To treat acute myocardial infarction, doctors often use a procedure called angioplasty to disrupt the blood clot and widen clogged arteries. Angioplasty involves inserting and inflating a tiny balloon into the affected artery. Angioplasty may be combined with the insertion of a small wire mesh tube called a stent, which helps keep the artery open and reduces the chances that it will get blocked again.

Other post-heart attack treatments include the regular use of blood thinners (for example, low-dose aspirin) to prevent new clots from forming and other medications to help control blood pressure and blood cholesterol levels. Beta blockers are often prescribed after a heart attack or to treat high blood pressure and ACE inhibitors can prevent heart failure from progressing.

For moderate to severe congestive heart failure, surgery may be necessary to repair or replace heart valves or to bypass coronary arteries with grafts. In severe cases, patients may have pacemakers or defibrillators implanted to control heart rhythms. For more information on heart failure and other cardiovascular diseases visit the American Heart Association.


Scientists and clinicians have long suspected and recently confirmed that a person’s genetic makeup contributes to the likelihood of their having a heart attack. Learn more here.

How are we using stem cells to understand and treat heart function and disease?

Researchers are using stem cells in two important ways to improve cardiac health. First, they are turning stem cells into “heart muscle in a dish.” If patients have genetic causes of heart disease, their stem cell-derived heart muscle also will have this disease and this heart muscle can be used to discover new drugs. Second, stem cells offer ways to replace damaged heart tissue. Using cellular therapy, researchers hope to repair or replace heart tissue damaged by congestive heart failure and heart attacks. Unlike the treatments listed above, cellular therapy could provide a durable treatment for heart deficiencies, rather than symptom-focused treatment.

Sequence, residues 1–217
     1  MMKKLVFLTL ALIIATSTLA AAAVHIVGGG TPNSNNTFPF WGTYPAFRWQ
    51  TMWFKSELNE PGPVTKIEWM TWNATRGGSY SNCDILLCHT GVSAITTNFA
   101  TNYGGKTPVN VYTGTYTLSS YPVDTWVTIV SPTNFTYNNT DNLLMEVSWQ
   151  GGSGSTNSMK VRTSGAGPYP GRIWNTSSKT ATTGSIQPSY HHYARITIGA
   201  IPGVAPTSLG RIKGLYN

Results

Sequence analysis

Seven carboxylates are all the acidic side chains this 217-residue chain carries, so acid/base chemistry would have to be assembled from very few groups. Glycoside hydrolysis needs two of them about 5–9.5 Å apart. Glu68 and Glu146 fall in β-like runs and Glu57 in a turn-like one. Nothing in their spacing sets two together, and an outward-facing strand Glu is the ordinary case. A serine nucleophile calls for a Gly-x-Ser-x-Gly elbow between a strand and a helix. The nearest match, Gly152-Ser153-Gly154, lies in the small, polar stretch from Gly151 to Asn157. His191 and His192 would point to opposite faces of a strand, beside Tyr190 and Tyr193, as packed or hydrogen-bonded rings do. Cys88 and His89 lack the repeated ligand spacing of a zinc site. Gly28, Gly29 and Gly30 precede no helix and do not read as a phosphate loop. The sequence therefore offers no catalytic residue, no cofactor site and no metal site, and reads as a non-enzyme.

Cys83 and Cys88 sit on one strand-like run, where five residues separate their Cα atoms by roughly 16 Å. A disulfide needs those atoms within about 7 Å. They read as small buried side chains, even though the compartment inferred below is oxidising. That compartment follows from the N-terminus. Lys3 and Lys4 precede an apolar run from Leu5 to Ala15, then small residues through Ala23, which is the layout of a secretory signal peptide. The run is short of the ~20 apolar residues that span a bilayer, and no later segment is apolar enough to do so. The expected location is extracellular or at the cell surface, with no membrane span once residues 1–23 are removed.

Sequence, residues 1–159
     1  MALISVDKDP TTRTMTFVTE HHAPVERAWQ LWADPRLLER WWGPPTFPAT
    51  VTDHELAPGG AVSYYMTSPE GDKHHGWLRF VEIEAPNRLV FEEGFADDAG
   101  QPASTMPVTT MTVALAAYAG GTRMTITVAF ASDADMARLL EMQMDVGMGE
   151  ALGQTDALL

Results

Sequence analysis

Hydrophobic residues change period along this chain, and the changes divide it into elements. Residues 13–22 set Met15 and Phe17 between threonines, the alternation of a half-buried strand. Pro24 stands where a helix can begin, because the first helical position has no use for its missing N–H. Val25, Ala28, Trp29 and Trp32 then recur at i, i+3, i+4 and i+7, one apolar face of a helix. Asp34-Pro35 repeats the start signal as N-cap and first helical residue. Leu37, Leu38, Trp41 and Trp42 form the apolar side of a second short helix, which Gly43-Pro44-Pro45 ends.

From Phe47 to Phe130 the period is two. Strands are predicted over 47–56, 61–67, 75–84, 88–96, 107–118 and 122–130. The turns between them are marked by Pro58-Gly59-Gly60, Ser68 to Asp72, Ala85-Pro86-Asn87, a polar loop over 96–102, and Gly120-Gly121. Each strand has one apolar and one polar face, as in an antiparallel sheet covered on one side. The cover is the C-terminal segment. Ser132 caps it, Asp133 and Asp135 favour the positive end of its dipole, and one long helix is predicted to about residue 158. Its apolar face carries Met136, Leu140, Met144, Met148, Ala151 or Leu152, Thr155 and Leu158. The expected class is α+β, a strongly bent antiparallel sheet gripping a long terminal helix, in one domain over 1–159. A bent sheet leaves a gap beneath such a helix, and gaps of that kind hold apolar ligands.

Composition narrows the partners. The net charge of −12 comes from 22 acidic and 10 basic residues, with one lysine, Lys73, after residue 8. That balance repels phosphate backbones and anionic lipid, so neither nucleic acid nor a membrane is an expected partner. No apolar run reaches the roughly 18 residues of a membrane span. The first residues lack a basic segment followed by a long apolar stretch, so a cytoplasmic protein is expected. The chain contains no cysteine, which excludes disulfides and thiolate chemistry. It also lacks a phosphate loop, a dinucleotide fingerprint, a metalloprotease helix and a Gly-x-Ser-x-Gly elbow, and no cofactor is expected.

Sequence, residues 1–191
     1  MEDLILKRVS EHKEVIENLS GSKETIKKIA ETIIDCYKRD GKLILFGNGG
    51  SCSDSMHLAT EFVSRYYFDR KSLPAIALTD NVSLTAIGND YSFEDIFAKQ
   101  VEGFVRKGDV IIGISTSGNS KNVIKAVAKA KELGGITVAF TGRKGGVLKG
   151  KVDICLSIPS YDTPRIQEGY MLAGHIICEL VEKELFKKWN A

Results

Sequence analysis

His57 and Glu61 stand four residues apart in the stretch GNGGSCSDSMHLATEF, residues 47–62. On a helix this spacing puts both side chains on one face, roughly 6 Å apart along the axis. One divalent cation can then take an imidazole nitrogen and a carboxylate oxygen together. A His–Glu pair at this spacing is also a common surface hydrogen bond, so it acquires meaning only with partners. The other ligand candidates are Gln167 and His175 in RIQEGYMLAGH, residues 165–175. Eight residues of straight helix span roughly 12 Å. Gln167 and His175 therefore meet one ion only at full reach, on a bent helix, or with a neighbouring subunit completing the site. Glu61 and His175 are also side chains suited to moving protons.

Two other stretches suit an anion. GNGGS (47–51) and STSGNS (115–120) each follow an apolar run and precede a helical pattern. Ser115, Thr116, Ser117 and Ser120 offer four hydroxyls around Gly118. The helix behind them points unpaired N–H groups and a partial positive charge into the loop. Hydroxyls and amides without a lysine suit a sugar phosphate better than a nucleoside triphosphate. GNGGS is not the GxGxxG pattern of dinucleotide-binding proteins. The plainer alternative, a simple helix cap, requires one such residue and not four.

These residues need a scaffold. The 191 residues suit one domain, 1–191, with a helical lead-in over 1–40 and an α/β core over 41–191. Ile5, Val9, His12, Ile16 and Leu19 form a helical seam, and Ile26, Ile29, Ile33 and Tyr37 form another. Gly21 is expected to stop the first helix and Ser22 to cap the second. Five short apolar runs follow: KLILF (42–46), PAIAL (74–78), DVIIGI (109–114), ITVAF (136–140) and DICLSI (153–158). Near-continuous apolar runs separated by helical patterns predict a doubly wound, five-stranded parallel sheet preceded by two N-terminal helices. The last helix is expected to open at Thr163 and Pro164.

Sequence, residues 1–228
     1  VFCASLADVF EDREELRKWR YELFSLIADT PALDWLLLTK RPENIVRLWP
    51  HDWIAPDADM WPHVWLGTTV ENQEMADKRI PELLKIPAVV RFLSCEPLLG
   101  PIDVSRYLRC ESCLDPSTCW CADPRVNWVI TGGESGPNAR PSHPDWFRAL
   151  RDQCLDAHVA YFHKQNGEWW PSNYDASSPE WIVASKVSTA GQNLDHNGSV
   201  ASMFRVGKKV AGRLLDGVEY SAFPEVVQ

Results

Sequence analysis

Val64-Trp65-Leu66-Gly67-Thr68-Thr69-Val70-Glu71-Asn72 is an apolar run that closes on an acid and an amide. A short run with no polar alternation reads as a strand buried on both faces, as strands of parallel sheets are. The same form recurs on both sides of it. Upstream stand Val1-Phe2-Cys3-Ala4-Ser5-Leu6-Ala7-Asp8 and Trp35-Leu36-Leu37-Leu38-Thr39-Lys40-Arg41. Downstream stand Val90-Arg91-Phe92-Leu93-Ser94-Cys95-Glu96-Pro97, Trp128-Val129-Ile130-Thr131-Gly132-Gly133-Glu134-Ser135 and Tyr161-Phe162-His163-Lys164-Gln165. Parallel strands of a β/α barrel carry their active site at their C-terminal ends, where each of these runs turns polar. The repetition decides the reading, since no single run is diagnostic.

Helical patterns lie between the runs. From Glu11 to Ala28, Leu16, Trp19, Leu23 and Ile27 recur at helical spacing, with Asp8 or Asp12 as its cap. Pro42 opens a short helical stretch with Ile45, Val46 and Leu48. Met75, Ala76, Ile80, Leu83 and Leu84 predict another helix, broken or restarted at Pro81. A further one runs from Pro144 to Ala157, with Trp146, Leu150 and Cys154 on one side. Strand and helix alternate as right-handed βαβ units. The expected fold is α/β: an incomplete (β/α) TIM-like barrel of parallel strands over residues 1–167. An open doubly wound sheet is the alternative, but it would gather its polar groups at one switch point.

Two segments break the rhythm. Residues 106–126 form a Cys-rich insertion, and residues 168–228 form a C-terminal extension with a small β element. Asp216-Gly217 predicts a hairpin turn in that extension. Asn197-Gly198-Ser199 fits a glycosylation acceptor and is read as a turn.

Your heart is constructed of several types of cells. For mending damaged heart tissue, researchers generally focus on three specific heart cell types:

  • Cardiomyocytes, the beating muscle cells that make up the atria, the chambers where blood enters the heart, and the ventricles, where blood is pumped out of your heart. Cardiomyocytes are currently being targeted in cellular therapies for heart disease.
  • Cardiac pacemaker cells, which send and receive electrical signals to keep your heart beating in rhythm.
  • Endothelial cells, which line blood vessels and help deliver oxygen to the cardiomyocytes.

Gladstone Institutes. Close up of a mouse heart stained to reveal the important structural protein that helps heart muscle cells to contract (red). The cell nuclei are labeled in magenta.

Researchers are experimenting with a variety of stem cell therapies to transplant new cells, use tissue engineering to improve the survival or function of transplanted cells, and stimulate existing cells to generate new cardiomyocytes.

Researchers can grow cardiomyocytes in the lab from the following sources:

  • Embryonic stem (ES) cells, cells derived from embryos that can give rise to all cells in the body.
  • Induced pluripotent stem (iPS) cells, adult tissue-specific cells that are reprogrammed in the lab to behave like embryonic stem cells and which have the capacity to become any cell type in the body, including cardiomyocytes.